The Government can’t control and doesn’t know how to communicate with companies that are succeeding. But, for the other 95 per cent, the quangocrats are swooping in and taking ownership. And we know where this story ends: ballooning numbers, mediocrity, failure and colossal expense.
What was previously grumbling from the fringes about the Government wading in and interfering in the sector, claiming credit not due to it and trying to take over what is happening in spite of and not because of TCIO’s presence in east London is now represented in a generational flow of wealth through public sector VC firms and, now, urban regeneration: the latest, most expensive and most manipulative kind of engineering the Government has yet applied to the area.
Trendy architects “oo:/” (don’t ask me how to pronounce that), charged with assembling ideas for the redevelopment, describe it as “civic infrastructure” designed to “nurture a culture across generations”.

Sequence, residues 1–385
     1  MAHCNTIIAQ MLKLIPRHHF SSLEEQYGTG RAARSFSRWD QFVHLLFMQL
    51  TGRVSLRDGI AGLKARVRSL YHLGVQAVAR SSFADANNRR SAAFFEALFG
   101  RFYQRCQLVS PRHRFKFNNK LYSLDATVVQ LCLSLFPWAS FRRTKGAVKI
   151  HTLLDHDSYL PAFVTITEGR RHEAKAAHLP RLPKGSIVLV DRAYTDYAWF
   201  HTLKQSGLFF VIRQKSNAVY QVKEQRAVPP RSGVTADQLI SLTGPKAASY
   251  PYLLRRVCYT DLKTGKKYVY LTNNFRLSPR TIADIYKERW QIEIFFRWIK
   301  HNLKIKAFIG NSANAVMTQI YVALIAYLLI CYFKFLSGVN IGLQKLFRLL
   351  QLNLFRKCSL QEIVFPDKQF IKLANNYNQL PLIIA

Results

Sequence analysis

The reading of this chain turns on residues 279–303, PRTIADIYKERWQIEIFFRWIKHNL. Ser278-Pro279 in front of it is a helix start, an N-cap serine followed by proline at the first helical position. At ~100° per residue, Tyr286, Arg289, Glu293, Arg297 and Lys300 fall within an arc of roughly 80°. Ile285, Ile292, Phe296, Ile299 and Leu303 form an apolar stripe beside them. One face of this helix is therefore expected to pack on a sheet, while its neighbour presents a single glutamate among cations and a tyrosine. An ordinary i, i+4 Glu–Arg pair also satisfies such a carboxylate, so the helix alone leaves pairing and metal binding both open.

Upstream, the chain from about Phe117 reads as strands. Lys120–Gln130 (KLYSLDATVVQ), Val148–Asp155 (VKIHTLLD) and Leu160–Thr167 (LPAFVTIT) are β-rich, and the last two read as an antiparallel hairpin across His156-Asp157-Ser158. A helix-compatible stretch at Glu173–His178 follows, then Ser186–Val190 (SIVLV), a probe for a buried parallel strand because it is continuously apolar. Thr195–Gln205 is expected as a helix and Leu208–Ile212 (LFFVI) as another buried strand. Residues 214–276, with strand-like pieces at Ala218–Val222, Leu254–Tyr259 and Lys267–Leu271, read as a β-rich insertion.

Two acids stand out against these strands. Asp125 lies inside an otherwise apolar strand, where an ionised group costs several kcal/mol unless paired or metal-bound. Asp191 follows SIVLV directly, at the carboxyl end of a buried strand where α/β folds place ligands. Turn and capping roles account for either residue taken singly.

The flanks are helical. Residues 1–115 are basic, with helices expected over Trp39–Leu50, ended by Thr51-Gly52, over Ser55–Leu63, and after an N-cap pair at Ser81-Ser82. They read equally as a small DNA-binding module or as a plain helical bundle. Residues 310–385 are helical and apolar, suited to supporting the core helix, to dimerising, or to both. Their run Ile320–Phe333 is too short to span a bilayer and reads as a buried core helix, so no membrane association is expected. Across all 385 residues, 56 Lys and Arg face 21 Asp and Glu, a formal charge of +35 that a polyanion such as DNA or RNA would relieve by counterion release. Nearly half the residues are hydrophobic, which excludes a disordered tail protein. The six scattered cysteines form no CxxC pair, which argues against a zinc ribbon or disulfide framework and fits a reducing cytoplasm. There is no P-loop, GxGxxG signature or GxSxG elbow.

“Whilst much of the new ‘commons’ is understood as a physical asset,” says 00:/ founder David Saxby, “the building really isn’t at the heart of things – clearly announcements need eye candy. Building a great institution in the tradition of the Royal Institution, RSA, British Library, but using radically new modes of crowd-centric organisation, is much more significant.”
If anyone can assist me in deciphering this statement, I’ll be in their debt. One thing is clear: this is not language, and these are not goals that the private sector understands. In fact, this is wording we have all seen before, attached to ill-fated and pointless public building works. It’s also the language of futurist pseuds whose only observable skills appear to be an almost preternatural talent for leeching off the taxpayer.